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Aesthetic labour in the global economy: bodily transformations and value in the service sector 
Claudia Liebelt (FU Berlin)
Anne Kukuczka (University of Zurich)
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Thursday 25 July, -
Time zone: Europe/Madrid
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Short Abstract:

This panel examines embodied and multisensorial aesthetics in the global service sector. Drawing on ethnographies of workers' experiences of navigating labour markets, it seeks to highlight the role of bodily transformations and aesthetic labour for investigating power dynamics and labour chains.

Long Abstract:

This panel examines the role of aesthetics in the making of personnel for the global service economy. Rather than based on an increase in knowledge and technological growth, as posited by mainstream economics, the tertiarization of the global economy is linked to an undoing of sustainable ecologies and local livelihoods. Scholars have examined processes of commercialisation and professionalisation in intimate services that are tied to postcolonial, gendered, and racialized inequalities. In urban centres, intimate and representational service work, such as (hotel) housekeeping, beauty service, domestic, sex or retail work are often carried out by migrant workers or those from disadvantaged social strata. To compete for these jobs, prospective labourers are commonly required to transform their self-representation and appearance to project the “right” kind of subjectivity before, during, and after recruitment. Recruitment itself might form part of comprehensive labour chains and migration infrastructures that extract further value from workers with the promise of enhancing competitiveness. Along these chains, multiple actors participate in the reshaping of bodies and the creation of desirable subjects, based on projections of modernity, cosmopolitanism, and urbanism. How do prospective workers experience and navigate this terrain to fulfil dreams, improve their lives, and gain access to service sector jobs? We invite contributions that explore the multisensorial aesthetic labour which forms part of these jobs and global labour chains, proposing that the production of affective body images is integral to the understanding (and undoing) of power dynamics in the global economy.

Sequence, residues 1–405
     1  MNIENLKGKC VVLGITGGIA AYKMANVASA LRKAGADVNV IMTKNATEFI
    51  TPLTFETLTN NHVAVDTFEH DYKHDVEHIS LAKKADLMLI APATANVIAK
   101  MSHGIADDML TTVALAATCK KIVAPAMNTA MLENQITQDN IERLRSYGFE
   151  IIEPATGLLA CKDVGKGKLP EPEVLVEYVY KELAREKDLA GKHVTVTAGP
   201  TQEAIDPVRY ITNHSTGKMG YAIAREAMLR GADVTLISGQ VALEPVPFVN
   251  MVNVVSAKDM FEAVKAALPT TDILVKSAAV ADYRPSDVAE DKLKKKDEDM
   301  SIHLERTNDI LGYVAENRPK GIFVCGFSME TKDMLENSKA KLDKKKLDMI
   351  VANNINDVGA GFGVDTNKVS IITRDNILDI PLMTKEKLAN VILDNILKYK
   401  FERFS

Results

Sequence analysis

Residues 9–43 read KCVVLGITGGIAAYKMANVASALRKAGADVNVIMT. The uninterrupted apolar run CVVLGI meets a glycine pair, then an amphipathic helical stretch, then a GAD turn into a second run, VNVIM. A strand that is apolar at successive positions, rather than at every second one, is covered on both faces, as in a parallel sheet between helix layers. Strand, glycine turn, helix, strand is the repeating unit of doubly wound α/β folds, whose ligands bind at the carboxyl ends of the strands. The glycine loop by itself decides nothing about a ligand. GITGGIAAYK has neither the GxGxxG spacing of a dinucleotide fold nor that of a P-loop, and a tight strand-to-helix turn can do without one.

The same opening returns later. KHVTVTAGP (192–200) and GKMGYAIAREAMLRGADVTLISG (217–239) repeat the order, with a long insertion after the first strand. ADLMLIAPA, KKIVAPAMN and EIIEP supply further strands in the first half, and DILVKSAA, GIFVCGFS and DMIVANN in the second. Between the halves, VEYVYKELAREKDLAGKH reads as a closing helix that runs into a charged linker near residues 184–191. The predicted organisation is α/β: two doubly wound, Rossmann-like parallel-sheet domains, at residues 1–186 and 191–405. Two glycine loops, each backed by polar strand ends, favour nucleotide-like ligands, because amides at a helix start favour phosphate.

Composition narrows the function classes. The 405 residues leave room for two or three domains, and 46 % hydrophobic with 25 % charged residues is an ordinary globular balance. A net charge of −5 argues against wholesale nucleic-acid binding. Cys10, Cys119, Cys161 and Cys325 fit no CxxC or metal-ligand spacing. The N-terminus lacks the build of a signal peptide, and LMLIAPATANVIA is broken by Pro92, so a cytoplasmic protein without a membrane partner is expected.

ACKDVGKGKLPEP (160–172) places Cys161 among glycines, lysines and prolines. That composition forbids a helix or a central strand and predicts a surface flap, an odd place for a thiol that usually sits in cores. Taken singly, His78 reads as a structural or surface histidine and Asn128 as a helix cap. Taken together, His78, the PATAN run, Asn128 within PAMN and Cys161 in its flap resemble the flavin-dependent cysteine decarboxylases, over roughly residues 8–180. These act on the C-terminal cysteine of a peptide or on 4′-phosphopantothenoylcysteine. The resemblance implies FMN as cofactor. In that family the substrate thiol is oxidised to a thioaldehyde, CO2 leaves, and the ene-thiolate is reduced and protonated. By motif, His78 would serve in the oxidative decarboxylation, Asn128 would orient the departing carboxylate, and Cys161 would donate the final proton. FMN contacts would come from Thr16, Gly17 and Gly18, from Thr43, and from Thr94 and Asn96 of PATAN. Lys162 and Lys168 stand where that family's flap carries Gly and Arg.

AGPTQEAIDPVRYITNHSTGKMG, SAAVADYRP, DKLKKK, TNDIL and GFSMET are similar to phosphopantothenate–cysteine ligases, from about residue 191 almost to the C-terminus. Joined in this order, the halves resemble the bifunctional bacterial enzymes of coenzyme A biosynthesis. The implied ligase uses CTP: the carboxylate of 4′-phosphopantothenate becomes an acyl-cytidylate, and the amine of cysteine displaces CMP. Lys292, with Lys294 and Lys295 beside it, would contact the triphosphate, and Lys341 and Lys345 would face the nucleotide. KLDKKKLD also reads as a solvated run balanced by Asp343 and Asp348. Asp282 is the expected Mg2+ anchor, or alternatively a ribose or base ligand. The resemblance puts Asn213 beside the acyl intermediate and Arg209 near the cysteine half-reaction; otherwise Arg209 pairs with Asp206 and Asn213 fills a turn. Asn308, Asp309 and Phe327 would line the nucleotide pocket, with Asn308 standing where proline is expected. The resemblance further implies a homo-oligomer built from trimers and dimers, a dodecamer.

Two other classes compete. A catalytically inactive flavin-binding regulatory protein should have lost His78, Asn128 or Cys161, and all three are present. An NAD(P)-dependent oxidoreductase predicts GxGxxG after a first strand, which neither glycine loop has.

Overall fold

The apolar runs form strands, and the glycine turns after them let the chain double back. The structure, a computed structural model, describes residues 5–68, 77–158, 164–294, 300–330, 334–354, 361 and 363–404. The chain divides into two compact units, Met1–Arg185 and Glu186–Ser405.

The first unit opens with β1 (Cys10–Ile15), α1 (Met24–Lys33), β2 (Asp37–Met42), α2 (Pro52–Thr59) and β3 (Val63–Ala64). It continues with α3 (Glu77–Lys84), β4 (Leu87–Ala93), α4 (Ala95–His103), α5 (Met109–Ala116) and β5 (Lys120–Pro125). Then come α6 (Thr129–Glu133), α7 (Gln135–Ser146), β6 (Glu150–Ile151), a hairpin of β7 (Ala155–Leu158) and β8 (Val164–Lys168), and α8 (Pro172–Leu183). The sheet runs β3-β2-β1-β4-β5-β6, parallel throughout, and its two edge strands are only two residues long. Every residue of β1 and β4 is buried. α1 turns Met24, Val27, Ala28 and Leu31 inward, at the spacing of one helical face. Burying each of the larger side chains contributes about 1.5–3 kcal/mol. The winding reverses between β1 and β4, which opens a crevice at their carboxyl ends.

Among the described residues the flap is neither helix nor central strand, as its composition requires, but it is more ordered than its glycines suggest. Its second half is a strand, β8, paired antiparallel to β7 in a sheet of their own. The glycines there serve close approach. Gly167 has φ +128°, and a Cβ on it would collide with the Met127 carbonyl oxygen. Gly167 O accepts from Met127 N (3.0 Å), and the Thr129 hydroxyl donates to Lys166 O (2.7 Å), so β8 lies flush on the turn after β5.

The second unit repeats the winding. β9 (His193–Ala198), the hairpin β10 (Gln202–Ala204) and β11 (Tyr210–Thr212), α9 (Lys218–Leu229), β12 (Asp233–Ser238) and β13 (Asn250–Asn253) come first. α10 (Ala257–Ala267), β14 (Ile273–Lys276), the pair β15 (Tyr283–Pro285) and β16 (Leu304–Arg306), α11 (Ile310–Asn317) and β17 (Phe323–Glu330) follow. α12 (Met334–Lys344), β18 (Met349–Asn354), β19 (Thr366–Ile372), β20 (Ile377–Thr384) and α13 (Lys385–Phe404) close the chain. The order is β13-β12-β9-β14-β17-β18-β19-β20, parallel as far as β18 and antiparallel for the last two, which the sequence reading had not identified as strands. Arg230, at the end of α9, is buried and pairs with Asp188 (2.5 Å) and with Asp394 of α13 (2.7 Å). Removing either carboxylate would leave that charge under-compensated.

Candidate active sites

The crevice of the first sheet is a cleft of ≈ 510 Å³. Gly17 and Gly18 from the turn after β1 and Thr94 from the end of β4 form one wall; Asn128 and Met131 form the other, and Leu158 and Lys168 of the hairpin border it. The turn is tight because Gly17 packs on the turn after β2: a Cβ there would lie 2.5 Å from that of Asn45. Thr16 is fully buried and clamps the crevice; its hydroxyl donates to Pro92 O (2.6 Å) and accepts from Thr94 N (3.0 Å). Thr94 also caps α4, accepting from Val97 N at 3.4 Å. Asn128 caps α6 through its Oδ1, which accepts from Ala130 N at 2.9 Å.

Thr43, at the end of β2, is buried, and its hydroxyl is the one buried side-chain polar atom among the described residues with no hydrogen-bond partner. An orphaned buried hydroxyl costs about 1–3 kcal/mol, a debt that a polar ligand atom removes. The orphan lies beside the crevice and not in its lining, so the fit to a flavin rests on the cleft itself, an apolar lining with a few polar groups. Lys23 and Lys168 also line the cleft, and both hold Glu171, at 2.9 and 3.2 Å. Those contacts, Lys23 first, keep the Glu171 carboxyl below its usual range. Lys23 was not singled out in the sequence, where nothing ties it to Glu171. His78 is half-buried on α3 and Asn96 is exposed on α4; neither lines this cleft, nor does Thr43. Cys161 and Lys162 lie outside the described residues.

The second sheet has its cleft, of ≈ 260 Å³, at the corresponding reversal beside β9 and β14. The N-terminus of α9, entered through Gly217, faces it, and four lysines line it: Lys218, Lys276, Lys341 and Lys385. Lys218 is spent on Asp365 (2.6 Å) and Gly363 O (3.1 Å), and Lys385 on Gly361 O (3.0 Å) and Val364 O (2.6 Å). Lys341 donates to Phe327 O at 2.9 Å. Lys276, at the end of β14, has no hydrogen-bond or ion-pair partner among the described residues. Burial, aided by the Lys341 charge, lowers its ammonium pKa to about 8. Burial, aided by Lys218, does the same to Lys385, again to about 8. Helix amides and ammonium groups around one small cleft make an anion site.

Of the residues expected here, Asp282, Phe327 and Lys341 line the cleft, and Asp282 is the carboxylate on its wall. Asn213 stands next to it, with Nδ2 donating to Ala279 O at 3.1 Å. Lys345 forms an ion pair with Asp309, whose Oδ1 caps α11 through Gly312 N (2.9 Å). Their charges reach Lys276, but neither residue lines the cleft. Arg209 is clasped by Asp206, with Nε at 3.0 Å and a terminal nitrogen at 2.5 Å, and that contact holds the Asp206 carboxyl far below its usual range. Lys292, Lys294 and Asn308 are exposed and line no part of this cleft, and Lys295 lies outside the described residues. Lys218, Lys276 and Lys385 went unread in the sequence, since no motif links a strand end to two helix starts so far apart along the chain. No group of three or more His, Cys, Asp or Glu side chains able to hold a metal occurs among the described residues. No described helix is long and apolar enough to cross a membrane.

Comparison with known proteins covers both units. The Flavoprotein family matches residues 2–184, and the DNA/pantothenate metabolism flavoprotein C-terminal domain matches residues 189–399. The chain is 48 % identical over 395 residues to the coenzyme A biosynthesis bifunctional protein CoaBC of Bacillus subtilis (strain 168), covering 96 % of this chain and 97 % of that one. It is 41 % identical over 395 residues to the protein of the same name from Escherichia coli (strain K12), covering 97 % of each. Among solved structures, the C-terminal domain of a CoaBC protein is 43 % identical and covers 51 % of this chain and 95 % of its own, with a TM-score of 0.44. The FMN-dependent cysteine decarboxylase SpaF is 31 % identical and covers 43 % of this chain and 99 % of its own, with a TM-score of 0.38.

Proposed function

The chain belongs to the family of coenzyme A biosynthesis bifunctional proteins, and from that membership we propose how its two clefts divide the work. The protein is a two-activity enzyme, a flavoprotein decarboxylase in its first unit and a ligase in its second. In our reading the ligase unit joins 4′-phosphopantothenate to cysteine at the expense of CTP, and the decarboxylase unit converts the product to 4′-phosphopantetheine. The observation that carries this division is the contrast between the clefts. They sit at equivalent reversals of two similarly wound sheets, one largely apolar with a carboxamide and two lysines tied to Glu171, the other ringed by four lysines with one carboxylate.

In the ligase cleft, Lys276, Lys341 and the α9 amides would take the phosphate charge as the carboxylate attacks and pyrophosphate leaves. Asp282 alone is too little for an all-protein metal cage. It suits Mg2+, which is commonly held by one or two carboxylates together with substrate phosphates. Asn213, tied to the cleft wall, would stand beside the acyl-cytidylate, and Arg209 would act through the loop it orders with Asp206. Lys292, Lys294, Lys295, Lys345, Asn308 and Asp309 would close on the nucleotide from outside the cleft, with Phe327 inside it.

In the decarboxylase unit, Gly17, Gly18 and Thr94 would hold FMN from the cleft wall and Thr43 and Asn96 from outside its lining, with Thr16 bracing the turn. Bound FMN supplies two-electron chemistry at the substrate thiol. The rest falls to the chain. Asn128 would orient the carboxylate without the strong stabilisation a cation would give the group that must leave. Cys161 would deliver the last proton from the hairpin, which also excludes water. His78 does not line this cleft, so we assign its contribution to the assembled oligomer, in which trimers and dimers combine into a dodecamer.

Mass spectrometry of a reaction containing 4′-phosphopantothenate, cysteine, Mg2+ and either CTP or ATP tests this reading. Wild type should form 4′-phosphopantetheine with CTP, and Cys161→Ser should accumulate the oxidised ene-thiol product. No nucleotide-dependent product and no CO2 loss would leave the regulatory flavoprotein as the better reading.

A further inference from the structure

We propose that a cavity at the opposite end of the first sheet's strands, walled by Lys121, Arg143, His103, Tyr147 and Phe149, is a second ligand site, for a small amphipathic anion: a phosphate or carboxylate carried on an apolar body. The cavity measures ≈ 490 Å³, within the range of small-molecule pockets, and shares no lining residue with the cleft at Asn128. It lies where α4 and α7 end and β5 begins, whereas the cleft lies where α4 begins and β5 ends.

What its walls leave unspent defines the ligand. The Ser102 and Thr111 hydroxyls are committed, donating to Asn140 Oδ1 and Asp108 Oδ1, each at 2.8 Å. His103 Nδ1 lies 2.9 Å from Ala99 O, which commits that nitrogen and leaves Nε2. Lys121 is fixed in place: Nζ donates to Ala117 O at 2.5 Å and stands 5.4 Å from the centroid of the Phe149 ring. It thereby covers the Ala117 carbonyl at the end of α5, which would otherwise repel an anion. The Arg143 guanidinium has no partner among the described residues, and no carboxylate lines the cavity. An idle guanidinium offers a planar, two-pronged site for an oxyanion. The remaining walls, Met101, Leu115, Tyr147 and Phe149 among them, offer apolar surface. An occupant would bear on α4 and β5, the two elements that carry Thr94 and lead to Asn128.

Accepted papers:

Session 1 Thursday 25 July, 2024, -